Savings or Mortgage?
There’s no doubt that the recession has hit a large number of people in many different ways, affecting everybody from the unemployed to self-employed and from the common worker to the entrepreneur. Another group of people who have not been left unscathed by the uncertain economic climate is homeowners with savings.
Being in the position of holding a mortgage and a savings account raises an interesting question: should I use my savings to pay off my mortgage? In the past the answer would have been a clear ‘No’, but with interest rates on savings at a near all-time low, and with mortgage interest rates falling nowhere near as fast, it is a question that many are considering.
Could You Switch Your Mortgage?
The first question you should ask yourself is whether you are getting the best mortgage rate. Perhaps the reason why your savings look so poor is because your mortgage interest is needlessly high, so check the deals, search the web, speak to your current lender and don’t settle for second best.
If you have the best mortgage rate available and it is still significantly higher than the return you receive on your savings, then it may be time to ask yourself the next question.
Are Your Savings Working Hard Enough?
Simply comparing your savings rates to your mortgage is not enough as you could be in possession of a poorly performing savings account. Though in general terms, interest rates on savings are pitiful, there’s no reason why you shouldn’t hunt out the best deal possible.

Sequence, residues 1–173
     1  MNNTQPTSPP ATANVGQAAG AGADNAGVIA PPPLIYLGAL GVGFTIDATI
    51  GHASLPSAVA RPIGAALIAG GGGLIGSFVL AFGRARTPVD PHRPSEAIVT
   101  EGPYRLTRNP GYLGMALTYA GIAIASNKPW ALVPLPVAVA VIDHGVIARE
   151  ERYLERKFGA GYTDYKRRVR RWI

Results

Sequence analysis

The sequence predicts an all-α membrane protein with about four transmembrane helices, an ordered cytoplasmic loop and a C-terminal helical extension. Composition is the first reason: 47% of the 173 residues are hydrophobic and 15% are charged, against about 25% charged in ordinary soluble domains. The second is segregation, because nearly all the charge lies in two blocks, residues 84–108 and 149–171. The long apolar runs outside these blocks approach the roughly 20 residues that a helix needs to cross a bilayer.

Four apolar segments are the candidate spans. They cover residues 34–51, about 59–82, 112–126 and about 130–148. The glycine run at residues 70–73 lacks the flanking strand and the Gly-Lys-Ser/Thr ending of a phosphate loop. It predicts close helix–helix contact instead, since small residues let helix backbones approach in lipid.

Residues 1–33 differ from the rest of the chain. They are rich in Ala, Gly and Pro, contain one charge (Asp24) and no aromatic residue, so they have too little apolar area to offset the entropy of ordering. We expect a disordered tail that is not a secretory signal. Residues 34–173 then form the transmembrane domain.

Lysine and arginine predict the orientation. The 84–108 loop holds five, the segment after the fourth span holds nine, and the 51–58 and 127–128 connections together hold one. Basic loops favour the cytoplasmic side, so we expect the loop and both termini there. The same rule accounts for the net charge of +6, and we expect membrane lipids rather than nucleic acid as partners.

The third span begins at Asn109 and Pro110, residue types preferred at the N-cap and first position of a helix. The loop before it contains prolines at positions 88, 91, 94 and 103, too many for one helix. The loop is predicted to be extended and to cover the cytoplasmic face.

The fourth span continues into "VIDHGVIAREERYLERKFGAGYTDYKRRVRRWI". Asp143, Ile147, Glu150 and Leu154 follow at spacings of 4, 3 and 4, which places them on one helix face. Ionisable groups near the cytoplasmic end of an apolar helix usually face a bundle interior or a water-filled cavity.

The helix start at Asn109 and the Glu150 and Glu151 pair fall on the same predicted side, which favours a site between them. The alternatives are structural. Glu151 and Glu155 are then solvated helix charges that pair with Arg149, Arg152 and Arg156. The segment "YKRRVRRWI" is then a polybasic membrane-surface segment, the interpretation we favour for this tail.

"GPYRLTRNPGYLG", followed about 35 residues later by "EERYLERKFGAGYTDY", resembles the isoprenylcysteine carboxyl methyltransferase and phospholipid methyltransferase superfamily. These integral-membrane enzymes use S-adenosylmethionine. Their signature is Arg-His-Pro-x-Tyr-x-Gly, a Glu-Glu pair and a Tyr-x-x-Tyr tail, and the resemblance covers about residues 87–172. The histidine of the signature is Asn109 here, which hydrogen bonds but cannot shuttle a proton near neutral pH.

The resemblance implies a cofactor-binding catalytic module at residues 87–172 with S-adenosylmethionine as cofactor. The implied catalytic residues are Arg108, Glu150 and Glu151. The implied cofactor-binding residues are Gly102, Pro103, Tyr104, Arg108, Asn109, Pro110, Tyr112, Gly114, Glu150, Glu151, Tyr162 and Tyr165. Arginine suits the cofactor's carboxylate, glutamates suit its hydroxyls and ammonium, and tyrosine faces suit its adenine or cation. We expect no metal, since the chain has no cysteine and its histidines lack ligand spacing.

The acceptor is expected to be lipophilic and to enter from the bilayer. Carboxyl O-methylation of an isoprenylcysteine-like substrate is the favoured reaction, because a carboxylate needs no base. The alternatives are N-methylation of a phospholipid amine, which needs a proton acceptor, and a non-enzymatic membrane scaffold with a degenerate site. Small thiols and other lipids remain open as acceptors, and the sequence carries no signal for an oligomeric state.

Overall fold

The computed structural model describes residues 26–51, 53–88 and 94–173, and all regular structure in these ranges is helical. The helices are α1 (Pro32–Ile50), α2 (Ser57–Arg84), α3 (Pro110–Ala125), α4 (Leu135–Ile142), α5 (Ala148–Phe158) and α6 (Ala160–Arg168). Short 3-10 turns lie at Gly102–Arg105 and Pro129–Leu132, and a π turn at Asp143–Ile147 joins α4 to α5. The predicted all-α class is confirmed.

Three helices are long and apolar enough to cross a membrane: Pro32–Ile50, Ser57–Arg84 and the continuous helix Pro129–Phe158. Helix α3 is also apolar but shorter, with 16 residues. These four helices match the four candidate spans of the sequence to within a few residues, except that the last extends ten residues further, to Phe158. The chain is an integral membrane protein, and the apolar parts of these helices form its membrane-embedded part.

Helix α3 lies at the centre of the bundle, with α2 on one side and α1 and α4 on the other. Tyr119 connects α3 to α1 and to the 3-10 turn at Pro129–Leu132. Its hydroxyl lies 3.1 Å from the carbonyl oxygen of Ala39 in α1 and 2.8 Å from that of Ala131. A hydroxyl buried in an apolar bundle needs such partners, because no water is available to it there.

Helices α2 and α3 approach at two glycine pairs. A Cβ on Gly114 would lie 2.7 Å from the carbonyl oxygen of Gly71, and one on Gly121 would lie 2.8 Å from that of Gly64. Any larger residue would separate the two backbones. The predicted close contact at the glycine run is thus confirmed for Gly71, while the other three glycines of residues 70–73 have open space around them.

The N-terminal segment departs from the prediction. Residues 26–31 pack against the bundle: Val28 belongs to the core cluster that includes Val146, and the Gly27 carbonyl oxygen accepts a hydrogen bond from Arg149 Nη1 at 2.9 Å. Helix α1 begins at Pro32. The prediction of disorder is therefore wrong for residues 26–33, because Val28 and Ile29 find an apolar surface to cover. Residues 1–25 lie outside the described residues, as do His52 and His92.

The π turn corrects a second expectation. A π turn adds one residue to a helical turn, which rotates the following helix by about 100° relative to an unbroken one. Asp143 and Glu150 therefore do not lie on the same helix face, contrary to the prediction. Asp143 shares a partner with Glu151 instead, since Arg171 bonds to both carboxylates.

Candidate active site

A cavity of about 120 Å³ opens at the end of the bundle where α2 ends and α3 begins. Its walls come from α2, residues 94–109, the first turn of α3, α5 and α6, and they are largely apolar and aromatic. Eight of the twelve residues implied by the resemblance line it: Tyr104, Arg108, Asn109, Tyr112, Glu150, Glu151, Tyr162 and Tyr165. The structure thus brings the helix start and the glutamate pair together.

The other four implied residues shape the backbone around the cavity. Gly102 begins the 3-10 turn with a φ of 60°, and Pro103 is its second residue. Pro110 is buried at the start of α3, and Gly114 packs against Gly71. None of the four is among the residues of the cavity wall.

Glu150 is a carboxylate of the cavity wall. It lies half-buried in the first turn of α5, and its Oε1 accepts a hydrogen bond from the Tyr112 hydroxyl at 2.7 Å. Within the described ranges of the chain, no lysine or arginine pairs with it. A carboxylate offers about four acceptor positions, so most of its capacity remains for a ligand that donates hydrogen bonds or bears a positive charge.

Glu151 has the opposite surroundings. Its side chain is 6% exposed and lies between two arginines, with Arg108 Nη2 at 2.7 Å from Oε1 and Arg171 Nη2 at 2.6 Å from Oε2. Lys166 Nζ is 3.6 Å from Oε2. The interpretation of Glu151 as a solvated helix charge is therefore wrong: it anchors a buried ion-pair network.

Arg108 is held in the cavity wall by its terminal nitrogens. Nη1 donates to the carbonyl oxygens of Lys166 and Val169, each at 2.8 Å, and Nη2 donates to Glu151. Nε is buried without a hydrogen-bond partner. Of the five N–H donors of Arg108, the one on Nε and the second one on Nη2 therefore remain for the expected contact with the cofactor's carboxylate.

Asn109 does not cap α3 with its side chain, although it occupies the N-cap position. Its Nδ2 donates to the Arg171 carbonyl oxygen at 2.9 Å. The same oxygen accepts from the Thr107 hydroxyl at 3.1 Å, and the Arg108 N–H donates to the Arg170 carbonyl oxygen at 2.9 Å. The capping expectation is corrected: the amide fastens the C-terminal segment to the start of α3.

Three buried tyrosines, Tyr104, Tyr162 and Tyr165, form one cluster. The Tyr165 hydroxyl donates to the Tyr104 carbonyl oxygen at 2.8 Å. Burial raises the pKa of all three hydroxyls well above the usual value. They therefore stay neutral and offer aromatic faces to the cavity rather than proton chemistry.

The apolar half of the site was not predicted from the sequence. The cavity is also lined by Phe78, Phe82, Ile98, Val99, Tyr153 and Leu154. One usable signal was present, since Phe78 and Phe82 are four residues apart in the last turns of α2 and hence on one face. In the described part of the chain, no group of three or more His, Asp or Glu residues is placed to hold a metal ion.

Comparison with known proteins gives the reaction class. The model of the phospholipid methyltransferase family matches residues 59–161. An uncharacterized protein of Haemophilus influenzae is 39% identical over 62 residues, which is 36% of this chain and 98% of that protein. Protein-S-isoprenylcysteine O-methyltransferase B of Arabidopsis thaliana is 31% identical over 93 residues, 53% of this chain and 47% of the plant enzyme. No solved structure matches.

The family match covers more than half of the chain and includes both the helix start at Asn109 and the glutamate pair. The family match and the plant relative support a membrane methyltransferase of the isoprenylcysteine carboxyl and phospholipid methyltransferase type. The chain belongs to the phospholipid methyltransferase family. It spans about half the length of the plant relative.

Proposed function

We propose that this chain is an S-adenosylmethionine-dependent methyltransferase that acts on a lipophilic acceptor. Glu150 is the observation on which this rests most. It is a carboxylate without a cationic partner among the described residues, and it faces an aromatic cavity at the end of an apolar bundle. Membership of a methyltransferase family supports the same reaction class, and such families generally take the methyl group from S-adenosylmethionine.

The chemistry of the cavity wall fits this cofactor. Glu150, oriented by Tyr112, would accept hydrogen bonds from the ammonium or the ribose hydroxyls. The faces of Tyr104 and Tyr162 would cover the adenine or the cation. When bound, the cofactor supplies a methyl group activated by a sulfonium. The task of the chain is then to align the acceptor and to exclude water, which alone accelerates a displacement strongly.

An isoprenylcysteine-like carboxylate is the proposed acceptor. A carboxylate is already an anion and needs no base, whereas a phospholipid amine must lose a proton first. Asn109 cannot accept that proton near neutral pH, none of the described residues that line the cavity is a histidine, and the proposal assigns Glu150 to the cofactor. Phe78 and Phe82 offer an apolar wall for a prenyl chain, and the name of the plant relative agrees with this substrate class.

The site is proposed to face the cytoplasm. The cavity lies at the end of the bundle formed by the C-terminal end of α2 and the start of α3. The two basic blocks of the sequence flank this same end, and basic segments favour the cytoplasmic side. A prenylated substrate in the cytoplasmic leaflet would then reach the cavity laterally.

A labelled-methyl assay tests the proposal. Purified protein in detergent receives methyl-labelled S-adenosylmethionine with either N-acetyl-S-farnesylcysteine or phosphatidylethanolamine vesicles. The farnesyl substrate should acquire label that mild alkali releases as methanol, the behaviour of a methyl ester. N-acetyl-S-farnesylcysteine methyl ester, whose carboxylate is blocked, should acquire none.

Again, wear down your virtual leather by pounding the pavements of the web in search of the best possible savings account. Whether that is a regular savings account, an instant access option, an ISA or something more long term, make sure that you have the best possible rate for your circumstances.
If your savings would still perform poorly when compared to the best mortgage deal, it’s definitely time to consider the next question.
How About Penalties?
This, unfortunately, could be a deal breaker. The chances are that your current mortgage includes some kind of early repayment penalty – especially if you took the mortgage at a special rate or as part of a fixed term deal. Lenders don’t want you to leave (they especially don’t want you to jump ship as soon as the introductory rate has ended!) so lace their terms and conditions with penalties.
Fortunately most penalties are on full repayment only so if you are planning to use your savings to pay just a portion of your mortgage, or if your mortgage is penalty free, then you should move onto the last question.
And What About Other Debts?
If you have any other debts at all, it’s highly likely that the interest you incur on those far outstrips that of your mortgage. The absolute golden rule of debt repayment is to pay the most expensive (i.e. those with the highest interest rate) first.
It’s simple: pay your store cards, credit cards, loans and hire purchase agreements before you even consider repaying your mortgage.
So if you already have the best mortgage rate, are currently in possession of the highest possible savings rates, your mortgage has no penalties and you have no other debts, then, yes, you should use your savings to pay off your mortgage.